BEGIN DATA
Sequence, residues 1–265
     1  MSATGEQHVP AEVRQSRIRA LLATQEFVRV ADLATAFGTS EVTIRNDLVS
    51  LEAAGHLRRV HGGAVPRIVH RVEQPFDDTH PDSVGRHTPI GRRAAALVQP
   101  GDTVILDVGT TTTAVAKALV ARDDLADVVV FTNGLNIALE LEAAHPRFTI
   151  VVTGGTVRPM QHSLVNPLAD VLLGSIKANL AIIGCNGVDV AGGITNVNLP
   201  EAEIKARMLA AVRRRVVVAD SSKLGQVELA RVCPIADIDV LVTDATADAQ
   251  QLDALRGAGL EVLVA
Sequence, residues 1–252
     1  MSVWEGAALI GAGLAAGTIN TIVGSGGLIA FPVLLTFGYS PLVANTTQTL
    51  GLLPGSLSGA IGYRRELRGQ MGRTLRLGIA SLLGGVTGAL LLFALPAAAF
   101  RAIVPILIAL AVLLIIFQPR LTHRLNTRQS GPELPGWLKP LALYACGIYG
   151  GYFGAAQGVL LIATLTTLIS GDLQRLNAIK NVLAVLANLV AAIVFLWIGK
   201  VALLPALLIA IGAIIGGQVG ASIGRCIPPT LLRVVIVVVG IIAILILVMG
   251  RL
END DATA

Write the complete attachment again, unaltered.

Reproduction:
Sequence, residues 1–265
     1  MSATGEQHVP AEVRQSRIRA LLATQEFVRV ADLATAFGTS EVTIRNDLVS
    51  LEAAGHLRRV HGGAVPRIVH RVEQPFDDTH PDSVGRHTPI GRRAAALVQP
   101  GDTVILDVGT TTTAVAKALV ARDDLADVVV FTNGLNIALE LEAAHPRFTI
   151  VVTGGTVRPM QHSLVNPLAD VLLGSIKANL AIIGCNGVDV AGGITNVNLP
   201  EAEIKARMLA AVRRRVVVAD SSKLGQVELA RVCPIADIDV LVTDATADAQ
   251  QLDALRGAGL EVLVA
Sequence, residues 1–252
     1  MSVWEGAALI GAGLAAGTIN TIVGSGGLIA FPVLLTFGYS PLVANTTQTL
    51  GLLPGSLSGA IGYRRELRGQ MGRTLRLGIA SLLGGVTGAL LLFALPAAAF
   101  RAIVPILIAL AVLLIIFQPR LTHRLNTRQS GPELPGWLKP LALYACGIYG
   151  GYFGAAQGVL LIATLTTLIS GDLQRLNAIK NVLAVLANLV AAIVFLWIGK
   201  VALLPALLIA IGAIIGGQVG ASIGRCIPPT LLRVVIVVVG IIAILILVMG
   251  RL